Monday, 6 August 2018
Introducing... Reese Piper!
Each week, I will be introducing you all to a contributor to Stim. If you're on Twitter, you can tune in on Saturday evenings around 6pm where each person will talk a little about themselves and answer any Qs you have; else you can pop over here to read all about it in condensed form.
This week I have the pleasure of introducing you to Reese Piper. Reese is a stripper, writer and journalist based in New York. She writes about the laws and stigma sex workers face, as well as her experiences living as a messy autistic woman. Like most women, she found out about autism during adulthood and it changed her world for the better. Every day she learns something new about how autism has shaped her identity and she tries to incorporate that self-discovery into her writing. Her work has been featured in The Establishment, Upworthy, Motherboard, The New Orleans Advocate, Ravishly, and BUST.
"I’m thrilled to be a part of Stim, a collection of diverse autistic writing. Below is my thread talking a bit about me and my piece - a personal essay about sex work, performance, and autism.
I’ve been stripping for almost 3 years now, during which I discovered autism, starting writing personal essays and reporting on the industry. I enjoy writing about topics people experience in everyday life but don’t have the words to discuss them.
Stripping has been both a blessing and a curse. It saved me from an abominable student loan and provided a comfortable lifestyle without having to work 40+ hours a week, but I can never switch off. Talking to customers sucks up all my energy and leaves me depleted.
Passing as non-autistic is a performance that requires both 100% engagement and intellectual labor. It’s a strenuous game of theatre that I performed day-after-day unconsciously. When I became a stripper, however, one performance had to give. I couldn’t perform both my stripper persona and non-autistic girl together.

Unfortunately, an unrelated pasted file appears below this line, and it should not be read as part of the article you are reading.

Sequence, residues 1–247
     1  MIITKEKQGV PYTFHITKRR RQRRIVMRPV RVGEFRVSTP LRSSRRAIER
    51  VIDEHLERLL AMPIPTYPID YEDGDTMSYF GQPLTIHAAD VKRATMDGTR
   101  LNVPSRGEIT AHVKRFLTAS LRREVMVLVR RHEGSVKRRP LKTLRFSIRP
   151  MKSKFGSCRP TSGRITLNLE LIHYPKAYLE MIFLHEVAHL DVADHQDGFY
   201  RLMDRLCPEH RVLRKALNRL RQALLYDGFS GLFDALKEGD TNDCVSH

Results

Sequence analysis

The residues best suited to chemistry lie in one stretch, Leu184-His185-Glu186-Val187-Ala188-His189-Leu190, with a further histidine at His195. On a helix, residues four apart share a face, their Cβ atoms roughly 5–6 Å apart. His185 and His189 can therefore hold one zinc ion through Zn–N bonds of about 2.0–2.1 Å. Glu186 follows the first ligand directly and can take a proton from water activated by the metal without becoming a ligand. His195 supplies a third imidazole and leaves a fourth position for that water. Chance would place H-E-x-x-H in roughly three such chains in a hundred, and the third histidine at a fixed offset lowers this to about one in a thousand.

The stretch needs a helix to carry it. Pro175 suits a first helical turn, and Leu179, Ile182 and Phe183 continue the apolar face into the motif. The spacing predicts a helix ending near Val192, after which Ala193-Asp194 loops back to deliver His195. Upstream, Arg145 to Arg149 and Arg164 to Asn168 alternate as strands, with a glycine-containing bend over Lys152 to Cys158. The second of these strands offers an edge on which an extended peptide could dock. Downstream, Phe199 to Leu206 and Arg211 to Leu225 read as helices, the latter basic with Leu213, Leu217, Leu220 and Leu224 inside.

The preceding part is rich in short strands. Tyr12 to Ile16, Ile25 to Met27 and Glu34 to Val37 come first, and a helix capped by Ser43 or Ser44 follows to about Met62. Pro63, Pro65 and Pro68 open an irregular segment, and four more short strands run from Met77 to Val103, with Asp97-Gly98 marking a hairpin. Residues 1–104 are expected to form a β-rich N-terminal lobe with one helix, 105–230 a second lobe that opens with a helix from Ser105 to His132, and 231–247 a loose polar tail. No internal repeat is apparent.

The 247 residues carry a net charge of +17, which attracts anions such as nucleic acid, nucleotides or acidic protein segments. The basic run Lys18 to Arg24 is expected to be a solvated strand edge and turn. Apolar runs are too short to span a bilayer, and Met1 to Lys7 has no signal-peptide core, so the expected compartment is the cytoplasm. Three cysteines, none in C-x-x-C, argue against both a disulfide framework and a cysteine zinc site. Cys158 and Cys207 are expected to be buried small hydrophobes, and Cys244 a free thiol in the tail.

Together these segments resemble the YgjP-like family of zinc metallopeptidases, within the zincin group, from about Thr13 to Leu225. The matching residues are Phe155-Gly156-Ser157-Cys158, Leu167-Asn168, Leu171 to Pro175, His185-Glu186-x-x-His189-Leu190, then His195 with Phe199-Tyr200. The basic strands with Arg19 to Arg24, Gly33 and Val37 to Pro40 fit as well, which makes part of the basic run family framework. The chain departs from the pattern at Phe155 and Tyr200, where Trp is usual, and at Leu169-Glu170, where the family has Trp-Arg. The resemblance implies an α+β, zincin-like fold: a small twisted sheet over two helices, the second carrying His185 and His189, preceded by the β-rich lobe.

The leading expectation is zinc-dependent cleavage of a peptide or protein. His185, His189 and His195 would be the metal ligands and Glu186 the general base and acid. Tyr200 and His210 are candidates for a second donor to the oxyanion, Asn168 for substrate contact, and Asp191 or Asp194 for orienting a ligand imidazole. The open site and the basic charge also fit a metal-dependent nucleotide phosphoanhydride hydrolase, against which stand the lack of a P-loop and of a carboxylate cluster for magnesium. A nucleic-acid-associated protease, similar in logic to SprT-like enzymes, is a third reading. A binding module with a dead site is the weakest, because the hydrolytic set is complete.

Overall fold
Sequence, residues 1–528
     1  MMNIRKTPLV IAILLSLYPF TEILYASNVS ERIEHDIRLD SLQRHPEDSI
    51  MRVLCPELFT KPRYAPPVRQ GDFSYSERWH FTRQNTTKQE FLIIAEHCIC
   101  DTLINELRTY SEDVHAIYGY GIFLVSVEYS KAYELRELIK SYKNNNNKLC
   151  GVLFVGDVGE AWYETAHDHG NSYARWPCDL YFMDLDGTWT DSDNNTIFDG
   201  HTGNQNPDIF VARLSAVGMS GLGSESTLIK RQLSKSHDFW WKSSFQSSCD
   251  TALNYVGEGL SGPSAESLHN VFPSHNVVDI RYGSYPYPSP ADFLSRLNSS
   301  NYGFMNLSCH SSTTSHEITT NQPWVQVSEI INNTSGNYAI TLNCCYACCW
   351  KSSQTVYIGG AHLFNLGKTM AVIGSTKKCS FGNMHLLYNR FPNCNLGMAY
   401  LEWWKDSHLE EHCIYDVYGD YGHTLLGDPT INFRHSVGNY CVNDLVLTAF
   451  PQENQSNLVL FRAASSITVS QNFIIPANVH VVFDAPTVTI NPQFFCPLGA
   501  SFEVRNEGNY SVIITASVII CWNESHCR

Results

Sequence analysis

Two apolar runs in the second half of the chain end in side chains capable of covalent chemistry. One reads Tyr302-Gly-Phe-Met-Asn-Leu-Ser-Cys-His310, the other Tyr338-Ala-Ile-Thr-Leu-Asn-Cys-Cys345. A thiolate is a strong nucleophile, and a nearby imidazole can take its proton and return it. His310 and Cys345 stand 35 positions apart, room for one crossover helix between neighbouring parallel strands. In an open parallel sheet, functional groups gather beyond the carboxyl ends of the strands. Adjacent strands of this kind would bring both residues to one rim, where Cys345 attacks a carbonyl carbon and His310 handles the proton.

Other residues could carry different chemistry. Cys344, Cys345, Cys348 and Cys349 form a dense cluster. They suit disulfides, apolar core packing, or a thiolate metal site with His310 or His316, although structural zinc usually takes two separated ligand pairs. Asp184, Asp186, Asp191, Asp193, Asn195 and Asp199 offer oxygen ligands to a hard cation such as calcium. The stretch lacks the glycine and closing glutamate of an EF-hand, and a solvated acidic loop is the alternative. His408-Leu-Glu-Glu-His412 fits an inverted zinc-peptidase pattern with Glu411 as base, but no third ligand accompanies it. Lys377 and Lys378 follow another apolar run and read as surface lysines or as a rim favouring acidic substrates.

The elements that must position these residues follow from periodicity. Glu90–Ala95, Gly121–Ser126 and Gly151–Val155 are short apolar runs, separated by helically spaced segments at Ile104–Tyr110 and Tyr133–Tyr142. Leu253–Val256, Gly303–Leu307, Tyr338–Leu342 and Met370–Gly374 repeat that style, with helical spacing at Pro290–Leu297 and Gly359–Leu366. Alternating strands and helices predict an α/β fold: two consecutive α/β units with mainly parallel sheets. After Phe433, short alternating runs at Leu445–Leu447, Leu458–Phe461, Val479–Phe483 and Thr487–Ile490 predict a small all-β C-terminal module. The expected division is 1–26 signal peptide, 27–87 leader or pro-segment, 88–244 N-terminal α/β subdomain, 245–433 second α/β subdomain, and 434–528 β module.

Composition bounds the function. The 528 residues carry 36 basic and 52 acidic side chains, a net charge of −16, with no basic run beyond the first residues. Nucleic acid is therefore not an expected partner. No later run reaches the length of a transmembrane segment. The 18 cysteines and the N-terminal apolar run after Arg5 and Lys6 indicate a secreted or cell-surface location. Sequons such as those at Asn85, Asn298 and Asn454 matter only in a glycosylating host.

In my article, I’ll be discussing how stripping helped me undo years of performance. Yes, it led me out the woods, but lately, I’ve been thinking that in order to develop an identity outside of dancing, I have to stop. But can I even quit? Can I survive in this inaccessible world as an autistic woman without sex work?
I wrote about how dancing taught me to read nonverbal cues and helped me connect in this article, which captured my first 2 years in the industry. This last year, though, stripping has taken a toll on me. How is talking endlessly night after night affecting my growth? Can I grow into the compassionate autistic woman I want to while working in such an emotionally strenuous job? My article will explore these questions.
Sex work is different for everyone just as autism is different for everyone. My goal in my writing is to capture the ambiguity we walk around with every day so that people can find meaning in their lives. It’s an honor to have my words featured alongside so many amazing autistic writers and I'm equally honored to breathe light into the experiences of autistic sex workers."
We're still ticking along nicely, and I'm hoping we can hit our 50% target by the end of the month -- we are a smidgen off 46% right now! Please keep talking about the book -- every tweet, message and email turns into tangible pledges and it helps us so much.